Since each domain owns its data from start to finish with a data mesh, data consumers no longer have to go through the bottleneck of a single, central data warehouse or data lake. This results in easier and faster access to data, more flexibility, and business agility. 

A data mesh is generally best suited for larger enterprises that have a high number of data sources and domains. For smaller and mid-sized organizations, a monolithic data architecture could still work since there are fewer domains. As an enterprise gets bigger and bigger, this is when a monolithic data architecture starts to break down and a data mesh is needed.

A good comparison is looking at software engineering. Applications used to be built using a monolithic approach. This would be fine for a small application but once you started working on a large application, it would get exponentially harder to understand and make changes as the product scaled. To overcome these complexities, software engineers began to decompose applications into a set of smaller, independently deployable services called microservices, which could be managed, scaled, and maintained more easily. The same principle is true for data mesh.

Like microservices in software engineering, data mesh advocates for individual domains to host data and efficiently make their data available for consumption. So, in a way, shared data products bring to data architectures what APIs brought to a microservices architecture.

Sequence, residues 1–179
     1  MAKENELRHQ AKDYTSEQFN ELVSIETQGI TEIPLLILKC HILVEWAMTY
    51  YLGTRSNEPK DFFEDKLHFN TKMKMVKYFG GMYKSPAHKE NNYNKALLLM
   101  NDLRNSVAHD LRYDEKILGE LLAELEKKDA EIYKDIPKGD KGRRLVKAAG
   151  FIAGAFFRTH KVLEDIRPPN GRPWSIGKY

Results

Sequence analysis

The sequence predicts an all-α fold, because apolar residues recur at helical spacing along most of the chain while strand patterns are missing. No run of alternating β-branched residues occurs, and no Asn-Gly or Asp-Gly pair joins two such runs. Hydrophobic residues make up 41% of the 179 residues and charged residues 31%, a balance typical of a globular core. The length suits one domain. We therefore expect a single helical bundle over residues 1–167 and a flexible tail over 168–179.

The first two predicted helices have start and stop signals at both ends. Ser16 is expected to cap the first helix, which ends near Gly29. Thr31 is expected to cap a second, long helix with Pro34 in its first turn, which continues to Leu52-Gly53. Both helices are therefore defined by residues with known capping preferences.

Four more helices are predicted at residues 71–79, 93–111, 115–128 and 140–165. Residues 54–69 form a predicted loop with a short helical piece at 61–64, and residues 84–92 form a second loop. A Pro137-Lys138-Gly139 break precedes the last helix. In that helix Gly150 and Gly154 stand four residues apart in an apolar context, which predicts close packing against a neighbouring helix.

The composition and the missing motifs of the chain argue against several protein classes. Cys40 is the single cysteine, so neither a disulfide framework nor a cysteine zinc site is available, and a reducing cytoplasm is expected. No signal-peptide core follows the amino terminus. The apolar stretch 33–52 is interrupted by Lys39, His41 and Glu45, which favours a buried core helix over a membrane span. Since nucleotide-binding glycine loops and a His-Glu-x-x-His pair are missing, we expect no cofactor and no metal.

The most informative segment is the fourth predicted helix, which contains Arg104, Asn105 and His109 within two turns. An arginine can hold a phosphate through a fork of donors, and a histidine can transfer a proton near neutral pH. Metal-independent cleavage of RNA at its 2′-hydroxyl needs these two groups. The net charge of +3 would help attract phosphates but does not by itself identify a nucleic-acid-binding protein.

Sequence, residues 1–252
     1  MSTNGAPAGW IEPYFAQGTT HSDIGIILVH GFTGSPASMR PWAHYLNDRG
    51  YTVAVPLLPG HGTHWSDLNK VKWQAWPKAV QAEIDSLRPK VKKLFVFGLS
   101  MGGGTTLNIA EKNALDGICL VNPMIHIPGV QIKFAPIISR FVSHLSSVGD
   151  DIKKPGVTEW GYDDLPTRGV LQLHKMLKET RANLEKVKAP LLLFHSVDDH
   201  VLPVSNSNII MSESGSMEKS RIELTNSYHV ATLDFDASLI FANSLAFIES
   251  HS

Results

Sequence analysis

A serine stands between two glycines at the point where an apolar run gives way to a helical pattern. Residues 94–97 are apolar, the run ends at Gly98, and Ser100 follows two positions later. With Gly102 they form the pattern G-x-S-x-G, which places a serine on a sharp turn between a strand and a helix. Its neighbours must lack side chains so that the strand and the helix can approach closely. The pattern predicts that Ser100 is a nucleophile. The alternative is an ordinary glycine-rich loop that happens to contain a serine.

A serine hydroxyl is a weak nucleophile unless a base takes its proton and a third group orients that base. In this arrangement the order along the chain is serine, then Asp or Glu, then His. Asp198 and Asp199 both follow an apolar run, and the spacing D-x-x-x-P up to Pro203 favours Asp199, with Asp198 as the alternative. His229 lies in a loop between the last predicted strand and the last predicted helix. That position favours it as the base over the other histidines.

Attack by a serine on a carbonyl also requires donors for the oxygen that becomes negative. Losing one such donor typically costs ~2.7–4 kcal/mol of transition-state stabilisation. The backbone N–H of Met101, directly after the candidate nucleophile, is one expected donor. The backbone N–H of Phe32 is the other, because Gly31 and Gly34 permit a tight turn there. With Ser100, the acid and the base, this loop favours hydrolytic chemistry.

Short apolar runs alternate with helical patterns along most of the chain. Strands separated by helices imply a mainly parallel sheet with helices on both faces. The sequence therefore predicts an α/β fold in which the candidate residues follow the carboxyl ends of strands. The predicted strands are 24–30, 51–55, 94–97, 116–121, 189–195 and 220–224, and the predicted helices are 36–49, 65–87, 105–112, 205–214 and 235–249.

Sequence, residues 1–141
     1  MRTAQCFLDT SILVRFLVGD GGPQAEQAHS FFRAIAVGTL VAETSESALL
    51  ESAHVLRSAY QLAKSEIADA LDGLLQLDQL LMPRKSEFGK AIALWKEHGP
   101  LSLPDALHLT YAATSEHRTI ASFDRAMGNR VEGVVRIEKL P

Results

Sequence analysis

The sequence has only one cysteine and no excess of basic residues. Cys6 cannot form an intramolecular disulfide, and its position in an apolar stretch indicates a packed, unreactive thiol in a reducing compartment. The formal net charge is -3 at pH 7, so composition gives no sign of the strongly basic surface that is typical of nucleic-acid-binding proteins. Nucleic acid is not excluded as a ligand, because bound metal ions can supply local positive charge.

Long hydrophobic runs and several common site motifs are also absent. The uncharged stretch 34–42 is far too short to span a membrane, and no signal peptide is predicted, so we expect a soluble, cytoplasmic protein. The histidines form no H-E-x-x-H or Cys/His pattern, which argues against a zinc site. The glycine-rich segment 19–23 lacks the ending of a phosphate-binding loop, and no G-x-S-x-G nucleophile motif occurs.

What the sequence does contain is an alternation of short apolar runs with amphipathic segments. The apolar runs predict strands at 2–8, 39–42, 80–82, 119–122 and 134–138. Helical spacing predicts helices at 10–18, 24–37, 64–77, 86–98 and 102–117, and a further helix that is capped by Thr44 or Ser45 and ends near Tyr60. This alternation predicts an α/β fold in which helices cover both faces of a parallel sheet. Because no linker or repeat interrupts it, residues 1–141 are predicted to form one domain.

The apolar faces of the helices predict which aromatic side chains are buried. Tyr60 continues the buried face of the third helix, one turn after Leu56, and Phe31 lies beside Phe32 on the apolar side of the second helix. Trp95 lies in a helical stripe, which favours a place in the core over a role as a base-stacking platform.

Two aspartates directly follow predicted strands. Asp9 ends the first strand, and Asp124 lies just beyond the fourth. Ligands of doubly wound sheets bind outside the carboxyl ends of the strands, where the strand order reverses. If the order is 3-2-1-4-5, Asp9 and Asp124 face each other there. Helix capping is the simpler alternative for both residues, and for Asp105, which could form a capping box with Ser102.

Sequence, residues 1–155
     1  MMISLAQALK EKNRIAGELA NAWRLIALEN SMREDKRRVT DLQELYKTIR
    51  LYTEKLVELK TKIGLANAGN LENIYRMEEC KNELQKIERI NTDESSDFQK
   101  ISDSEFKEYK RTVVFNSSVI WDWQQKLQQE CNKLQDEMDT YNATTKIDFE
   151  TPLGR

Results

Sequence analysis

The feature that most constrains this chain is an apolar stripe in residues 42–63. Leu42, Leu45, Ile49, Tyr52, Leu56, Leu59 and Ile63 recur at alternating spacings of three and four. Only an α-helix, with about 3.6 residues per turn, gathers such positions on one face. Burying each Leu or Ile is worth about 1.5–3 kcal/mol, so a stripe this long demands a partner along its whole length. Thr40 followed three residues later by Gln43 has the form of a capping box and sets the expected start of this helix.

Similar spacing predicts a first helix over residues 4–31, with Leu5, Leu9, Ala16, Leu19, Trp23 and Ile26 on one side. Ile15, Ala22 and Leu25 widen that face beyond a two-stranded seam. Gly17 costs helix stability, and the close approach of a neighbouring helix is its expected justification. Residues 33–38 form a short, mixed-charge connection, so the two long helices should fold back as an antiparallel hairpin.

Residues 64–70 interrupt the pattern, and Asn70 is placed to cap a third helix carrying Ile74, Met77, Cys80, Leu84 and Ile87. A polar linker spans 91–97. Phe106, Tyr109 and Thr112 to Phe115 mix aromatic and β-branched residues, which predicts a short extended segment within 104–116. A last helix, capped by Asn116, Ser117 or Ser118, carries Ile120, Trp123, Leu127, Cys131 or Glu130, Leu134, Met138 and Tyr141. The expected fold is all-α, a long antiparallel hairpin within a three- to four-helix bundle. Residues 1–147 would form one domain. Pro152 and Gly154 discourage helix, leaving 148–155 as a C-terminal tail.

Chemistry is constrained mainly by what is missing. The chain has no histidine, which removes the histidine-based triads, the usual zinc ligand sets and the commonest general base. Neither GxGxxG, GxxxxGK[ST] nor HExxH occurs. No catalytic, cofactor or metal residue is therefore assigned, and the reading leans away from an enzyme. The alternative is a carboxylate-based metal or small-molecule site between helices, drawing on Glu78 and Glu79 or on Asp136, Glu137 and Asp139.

Conclusion

Monolithic data architecture was created so everyone could have central data access. However, in practice, this approach quickly creates problems for growing organizations. Data consumers become overly dependent on a centralized team of data engineers to get access to data which can lead to delays and additionally creates a disconnect from the data producers. At the same time, a lot of pressure is put on data engineers to manage a wide range of complex data pipelines for the whole organization, which can lead to issues.

An organizational mindset change to effectively manage and democratize data isn’t something you develop in a brief period of time. It requires a significant effort from the management, and every stakeholder has to be on the same page to embrace a culture of federated ownership. A data mesh approach can help deal with the issues seen with centralized data architectures, but it can be challenging to implement. In fact, there is no templated strategy to implement data mesh that is company-agnostic. 

Organizations should look at how they can evolve this strategy over time to adhere to their requirements. Learn how you can use Dremio’s open lakehouse platform to implement a data mesh.